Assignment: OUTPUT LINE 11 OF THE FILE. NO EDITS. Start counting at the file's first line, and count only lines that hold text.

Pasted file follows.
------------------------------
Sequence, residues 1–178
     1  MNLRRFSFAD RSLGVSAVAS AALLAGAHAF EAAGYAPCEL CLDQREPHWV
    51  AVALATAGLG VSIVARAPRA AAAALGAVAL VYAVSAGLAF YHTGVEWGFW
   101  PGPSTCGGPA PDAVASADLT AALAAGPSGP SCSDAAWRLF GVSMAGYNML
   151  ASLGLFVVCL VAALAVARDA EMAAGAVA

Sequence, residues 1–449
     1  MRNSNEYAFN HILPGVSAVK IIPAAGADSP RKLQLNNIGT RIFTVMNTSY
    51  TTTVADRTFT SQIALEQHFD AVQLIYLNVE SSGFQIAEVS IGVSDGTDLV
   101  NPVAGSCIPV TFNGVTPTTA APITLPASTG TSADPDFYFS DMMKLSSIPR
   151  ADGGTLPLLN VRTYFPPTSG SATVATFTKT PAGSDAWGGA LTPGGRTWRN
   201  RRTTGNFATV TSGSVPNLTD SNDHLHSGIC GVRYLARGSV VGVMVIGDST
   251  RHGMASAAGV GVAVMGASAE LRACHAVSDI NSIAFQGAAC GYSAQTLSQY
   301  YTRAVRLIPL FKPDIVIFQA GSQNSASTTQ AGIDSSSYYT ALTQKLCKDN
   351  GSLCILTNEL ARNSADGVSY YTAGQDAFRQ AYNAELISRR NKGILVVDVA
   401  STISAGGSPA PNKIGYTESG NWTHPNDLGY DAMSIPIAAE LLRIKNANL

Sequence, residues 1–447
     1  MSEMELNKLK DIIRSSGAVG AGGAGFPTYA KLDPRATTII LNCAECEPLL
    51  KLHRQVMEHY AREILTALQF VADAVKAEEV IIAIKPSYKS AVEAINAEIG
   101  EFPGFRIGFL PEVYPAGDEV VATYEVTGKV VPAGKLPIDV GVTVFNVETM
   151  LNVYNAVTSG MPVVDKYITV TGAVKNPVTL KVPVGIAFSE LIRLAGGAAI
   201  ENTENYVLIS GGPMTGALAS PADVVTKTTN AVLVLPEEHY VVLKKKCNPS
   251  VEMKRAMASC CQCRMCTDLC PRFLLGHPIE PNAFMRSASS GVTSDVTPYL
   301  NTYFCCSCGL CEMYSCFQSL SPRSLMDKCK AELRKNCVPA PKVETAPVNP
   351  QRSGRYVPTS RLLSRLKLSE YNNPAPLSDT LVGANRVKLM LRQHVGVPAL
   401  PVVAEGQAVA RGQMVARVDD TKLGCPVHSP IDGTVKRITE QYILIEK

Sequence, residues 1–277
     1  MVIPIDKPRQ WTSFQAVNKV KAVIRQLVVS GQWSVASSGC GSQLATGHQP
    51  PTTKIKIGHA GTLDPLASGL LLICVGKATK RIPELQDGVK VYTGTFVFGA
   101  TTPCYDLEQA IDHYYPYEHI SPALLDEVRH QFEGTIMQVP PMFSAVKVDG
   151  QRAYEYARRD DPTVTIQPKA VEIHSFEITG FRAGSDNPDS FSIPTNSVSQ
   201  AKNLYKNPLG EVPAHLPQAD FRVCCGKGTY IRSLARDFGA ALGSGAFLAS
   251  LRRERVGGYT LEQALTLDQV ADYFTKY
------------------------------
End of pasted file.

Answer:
   201  RRTTGNFATV TSGSVPNLTD SNDHLHSGIC GVRYLARGSV VGVMVIGDST